Yesterday the UK Parliament’s House of Lords Communications Committee reported on its Inquiry into Social Media Offences such as revenge porn and cyberbullying. In the meantime in the other House, the Science and Technology Select Committee continues is looking into more productive uses of social media, namely data gathering and real time analytics. The use of social media in this way is not straightforward either though. Ella McPherson of the University of Cambridge, who has given evidence to the Committee, tells a cautionary tale and sets out four points she argues policy makers should understand about social media and analytics.
I recently gave evidence to the House of Commons Science and Technology Select Committee. This was based on written evidence co-authored with my colleague, Anne Alexander, and submitted to their ongoing inquiry into social media data and real time analytics.
Both Anne and I research the use of social media during contested times; Anne looks at its use by political activists and labour movement organisers in the Arab world, and I look at its use in human rights reporting. In both cases, the need to establish facticity is high, as is the potential for the deliberate or inadvertent falsification of information. Similarly to the case that Carruthers makes about war reporting, we believe that the political-economic, methodological, and ethical issues raised by media dynamics in the context of crisis are bellwethers for the dynamics in more peaceful and mundane contexts. From our work we have learned four crucial lessons that policy makers considering this issue should understand:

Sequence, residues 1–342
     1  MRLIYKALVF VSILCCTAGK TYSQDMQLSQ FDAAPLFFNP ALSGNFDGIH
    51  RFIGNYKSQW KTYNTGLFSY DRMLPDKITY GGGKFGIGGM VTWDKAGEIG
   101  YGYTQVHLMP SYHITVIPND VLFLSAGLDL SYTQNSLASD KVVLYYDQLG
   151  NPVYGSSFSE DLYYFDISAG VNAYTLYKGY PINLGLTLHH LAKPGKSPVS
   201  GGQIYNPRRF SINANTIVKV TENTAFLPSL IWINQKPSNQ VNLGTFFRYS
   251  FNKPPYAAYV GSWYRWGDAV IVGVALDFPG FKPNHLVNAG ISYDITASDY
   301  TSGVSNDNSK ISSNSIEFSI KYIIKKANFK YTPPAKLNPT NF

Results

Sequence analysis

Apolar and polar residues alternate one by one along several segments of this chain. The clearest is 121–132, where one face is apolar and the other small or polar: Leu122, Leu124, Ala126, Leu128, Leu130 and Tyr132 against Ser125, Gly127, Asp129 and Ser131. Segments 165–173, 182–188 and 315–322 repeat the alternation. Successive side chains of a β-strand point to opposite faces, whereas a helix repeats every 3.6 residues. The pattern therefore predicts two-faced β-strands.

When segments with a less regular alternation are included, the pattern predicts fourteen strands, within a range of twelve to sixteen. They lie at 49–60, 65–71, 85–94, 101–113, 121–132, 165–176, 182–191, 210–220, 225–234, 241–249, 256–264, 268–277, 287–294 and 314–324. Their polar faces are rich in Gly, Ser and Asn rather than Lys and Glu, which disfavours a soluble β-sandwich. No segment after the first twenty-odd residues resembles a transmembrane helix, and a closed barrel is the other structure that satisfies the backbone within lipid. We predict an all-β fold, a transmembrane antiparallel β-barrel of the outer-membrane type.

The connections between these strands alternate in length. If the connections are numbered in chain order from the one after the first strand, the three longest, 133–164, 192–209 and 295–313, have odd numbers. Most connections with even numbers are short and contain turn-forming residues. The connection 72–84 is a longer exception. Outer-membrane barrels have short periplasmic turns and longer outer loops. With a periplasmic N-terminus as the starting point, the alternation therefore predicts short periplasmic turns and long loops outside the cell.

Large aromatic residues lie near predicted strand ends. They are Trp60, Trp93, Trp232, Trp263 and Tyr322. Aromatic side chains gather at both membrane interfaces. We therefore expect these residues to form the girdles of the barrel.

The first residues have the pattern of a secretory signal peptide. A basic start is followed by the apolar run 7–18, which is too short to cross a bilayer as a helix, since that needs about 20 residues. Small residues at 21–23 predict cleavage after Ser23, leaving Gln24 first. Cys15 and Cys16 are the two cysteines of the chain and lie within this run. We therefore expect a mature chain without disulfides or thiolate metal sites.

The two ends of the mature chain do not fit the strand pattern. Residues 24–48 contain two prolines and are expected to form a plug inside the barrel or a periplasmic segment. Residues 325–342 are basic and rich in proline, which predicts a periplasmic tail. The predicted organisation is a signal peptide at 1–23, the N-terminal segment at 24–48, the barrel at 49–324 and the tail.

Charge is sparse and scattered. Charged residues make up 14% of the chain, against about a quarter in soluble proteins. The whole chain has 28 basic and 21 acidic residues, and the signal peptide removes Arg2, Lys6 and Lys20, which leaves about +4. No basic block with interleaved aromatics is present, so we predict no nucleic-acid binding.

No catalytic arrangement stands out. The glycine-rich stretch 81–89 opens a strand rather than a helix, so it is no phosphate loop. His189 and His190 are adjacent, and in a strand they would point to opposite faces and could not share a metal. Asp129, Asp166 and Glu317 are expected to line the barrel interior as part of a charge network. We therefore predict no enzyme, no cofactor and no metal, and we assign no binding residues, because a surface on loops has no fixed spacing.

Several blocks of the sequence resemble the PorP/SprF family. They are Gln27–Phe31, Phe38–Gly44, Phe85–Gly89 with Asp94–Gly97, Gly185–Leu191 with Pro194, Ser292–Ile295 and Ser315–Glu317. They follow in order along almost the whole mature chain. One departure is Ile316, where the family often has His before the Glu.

1. Social media information is vulnerable to a variety of distortions – some typical of all information, and others more specific to the characteristics of social media communications
For instance, the commercial nature of social media platforms intervenes in the content of social media, including with respect to what content users see and the prompts they receive to create content. Political contexts also influence social media information. This is evident in contemporary Egypt, where it has been used for revolutionary ends (organising activism) as well as for counter-revolutionary ends (discrediting doctors and academics).
Compared to information collected via purpose-built methods for researching social processes like interviews and surveys, information harvested from social media can be relatively devoid of clues as to these contexts of production. This may be due to metadata loss in uploading a video to Youtube, for example, or to the relative ease of reproduction and circulation of digital information, which may disembody the information from the time, place, and source of its production.